AJAI CHARI: That’s the million dollar question. I guess part of it is who gets myeloma. These typically are patients in their 60s and 70s. And we think perhaps everybody might have a little bit of an abnormal plasma cell. So the culprit cell in myeloma is known as a plasma cell, which normally makes antibodies. But when this cancer becomes cancerous or malignant, rather than making all the antibodies we need to fight off infections, it overproduces one antibody.
One possible hypothesis is that, if we have small levels of these abnormal cells when we’re younger, our immune system is able to survey and get rid of them. And then perhaps that gets lazier as we get older. And there’s a lot of genetic complexity to myeloma and immunologic complexity. So between the age, the disease, the immune microenvironment, those are probably all factors as to why every treatment works for a while, but then it stops working.
IRA FLATOW: Yeah. Well, tell me then, what is there about this treatment that works so differently from existing treatments?
AJAI CHARI: It’s really remarkable. Because historically, to get a new drug approved in this, what we call, unmet need– so if you take a patient that’s exhausted all available therapies at that time– the benchmark was a 20% to 30% response rate, lasting three to four months. And now– we never thought we’d be attaining these results– but between this mode of action, called bispecifics, and a separate one called CAR-T, we’re saying 70 to 100 is the new 20 to 30. And those are the responses we’re seeing.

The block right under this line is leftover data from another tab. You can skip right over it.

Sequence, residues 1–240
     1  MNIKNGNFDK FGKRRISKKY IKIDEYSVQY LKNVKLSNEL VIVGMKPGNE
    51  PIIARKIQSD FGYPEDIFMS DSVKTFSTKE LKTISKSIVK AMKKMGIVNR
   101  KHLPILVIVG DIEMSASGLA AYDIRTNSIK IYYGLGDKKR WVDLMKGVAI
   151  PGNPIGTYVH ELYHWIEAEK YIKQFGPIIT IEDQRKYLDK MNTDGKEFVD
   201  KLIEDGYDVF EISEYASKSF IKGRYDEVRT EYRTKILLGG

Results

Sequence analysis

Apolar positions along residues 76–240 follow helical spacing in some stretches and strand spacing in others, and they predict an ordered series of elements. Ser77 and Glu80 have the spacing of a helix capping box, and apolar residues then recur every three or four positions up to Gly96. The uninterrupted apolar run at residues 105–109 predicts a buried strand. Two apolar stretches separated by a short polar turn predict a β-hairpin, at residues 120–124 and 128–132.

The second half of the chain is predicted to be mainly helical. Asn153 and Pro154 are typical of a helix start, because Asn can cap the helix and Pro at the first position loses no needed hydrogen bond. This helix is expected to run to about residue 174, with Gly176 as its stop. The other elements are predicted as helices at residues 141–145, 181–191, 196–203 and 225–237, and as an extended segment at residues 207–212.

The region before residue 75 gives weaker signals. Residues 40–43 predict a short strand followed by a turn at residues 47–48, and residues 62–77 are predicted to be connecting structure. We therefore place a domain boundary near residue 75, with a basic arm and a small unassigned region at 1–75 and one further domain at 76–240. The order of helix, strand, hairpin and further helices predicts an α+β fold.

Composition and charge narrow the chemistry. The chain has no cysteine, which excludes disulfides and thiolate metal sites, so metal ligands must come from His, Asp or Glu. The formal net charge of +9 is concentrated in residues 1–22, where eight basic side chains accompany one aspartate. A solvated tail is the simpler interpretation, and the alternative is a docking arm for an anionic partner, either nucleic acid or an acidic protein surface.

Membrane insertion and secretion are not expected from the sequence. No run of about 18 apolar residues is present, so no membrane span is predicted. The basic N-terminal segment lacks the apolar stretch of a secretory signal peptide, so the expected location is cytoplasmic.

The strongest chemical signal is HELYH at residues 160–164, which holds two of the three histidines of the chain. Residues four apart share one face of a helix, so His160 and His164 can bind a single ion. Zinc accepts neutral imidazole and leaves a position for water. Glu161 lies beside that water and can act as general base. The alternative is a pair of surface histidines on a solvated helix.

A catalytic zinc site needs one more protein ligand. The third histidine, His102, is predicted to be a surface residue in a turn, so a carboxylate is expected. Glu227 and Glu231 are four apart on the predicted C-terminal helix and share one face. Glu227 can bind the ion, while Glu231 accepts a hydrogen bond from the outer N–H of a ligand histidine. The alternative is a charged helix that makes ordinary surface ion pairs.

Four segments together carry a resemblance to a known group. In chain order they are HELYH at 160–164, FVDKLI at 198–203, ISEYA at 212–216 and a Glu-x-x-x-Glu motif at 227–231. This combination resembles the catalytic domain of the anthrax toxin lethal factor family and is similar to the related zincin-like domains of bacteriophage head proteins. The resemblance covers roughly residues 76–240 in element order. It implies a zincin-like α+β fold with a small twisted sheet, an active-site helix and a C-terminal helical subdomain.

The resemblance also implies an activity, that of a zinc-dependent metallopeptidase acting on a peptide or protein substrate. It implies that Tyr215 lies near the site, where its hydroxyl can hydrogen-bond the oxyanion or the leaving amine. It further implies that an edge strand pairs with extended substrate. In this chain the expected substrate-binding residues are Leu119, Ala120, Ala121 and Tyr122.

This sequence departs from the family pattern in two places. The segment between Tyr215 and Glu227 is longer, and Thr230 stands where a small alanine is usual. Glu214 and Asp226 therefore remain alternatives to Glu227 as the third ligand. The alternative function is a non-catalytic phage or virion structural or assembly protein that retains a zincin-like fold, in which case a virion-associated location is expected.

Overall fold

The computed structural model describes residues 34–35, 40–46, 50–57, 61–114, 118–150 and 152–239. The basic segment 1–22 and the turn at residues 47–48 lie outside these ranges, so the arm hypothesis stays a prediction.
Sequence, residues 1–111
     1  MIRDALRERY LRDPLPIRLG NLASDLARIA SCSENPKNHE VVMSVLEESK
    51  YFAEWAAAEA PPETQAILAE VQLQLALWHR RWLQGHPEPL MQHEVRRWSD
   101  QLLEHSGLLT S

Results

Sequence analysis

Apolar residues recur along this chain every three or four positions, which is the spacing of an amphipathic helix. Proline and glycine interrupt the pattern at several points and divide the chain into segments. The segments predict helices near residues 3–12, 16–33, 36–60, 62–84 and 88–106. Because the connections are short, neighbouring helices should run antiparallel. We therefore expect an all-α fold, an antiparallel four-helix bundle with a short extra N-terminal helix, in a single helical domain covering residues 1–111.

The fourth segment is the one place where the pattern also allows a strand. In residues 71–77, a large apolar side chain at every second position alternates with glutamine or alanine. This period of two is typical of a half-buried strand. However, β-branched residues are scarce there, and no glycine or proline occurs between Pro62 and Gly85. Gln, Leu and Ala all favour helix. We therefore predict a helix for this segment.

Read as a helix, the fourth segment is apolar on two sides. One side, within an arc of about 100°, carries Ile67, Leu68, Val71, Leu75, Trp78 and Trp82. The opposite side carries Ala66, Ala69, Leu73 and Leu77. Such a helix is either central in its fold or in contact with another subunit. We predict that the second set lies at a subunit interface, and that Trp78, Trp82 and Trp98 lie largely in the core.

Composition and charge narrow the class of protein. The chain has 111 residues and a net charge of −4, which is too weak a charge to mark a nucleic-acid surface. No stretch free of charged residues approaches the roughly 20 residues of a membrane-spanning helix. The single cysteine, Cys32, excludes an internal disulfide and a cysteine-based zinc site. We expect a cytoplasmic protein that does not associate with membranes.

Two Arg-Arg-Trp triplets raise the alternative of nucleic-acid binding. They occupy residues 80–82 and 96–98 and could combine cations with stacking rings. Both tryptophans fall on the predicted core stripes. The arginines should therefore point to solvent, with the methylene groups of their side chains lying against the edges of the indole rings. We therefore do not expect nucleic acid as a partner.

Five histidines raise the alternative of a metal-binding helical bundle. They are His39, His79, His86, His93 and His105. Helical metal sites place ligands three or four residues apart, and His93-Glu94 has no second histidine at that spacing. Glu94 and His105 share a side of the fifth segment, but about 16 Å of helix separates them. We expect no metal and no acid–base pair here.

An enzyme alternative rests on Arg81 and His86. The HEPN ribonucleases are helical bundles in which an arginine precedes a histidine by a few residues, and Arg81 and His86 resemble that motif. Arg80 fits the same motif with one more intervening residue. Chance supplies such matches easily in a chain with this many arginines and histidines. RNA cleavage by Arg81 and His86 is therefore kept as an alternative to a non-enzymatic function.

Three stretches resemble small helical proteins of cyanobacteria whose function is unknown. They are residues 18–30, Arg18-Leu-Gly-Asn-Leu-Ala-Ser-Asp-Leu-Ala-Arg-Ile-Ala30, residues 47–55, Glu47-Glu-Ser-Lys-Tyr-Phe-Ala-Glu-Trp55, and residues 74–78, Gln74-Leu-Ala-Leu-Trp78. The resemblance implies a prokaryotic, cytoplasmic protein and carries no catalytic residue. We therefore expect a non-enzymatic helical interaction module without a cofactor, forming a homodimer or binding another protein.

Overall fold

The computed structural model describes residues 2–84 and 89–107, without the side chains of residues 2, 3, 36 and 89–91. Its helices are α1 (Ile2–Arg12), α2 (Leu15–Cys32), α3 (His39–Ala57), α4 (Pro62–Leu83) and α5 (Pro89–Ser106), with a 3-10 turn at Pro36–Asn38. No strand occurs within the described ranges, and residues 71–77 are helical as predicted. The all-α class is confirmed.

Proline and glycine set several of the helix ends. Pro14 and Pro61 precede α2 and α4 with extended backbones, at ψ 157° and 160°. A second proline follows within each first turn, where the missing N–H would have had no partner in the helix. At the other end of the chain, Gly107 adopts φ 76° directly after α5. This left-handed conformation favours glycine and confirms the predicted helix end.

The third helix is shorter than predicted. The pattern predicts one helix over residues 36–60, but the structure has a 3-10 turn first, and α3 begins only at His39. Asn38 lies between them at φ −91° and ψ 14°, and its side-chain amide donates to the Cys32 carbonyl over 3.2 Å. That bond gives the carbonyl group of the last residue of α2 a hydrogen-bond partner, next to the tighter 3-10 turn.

Even though we wouldn’t even have expected these T-cells, which are basically the sniper cells here that we’re actually activating– in these patients who’ve had up to five, six different types of chemotherapy cocktails, or lines of therapy, over, say, the last six years, in spite of having been beaten up by all of these regimens in terms of the immune system, we’re getting these outstanding responses. And it probably just speaks to this untapped potential.
A lot of our treatments have been targeting the cancer and maybe some parts of the immune microenvironment. But this really is harnessing probably one of the most important sniper cells, if you will, the T-cell. And presumably that’s a big part of why 70 to 100 is the new 20 to 30.
IRA FLATOW: Well, that’s what I’m trying to understand. What does this drug do with the T-cells that the other drugs are not doing?
AJAI CHARI: So it’s actually interesting. If we go back a little bit in medical history, every human monoclonal antibody, whether it’s for COVID, autoimmune diseases, cancers, it’s all due to myeloma. Back in the ’80s, the Nobel Prize was given to somebody who decided to fuse a myeloma cell to a spleen cell. And that fused cell, called a hybridoma, cranked out antibodies. And so you can genetically, in the laboratory, manipulate these cells and make different antibodies that we need, whether it’s to treat COVID or other things.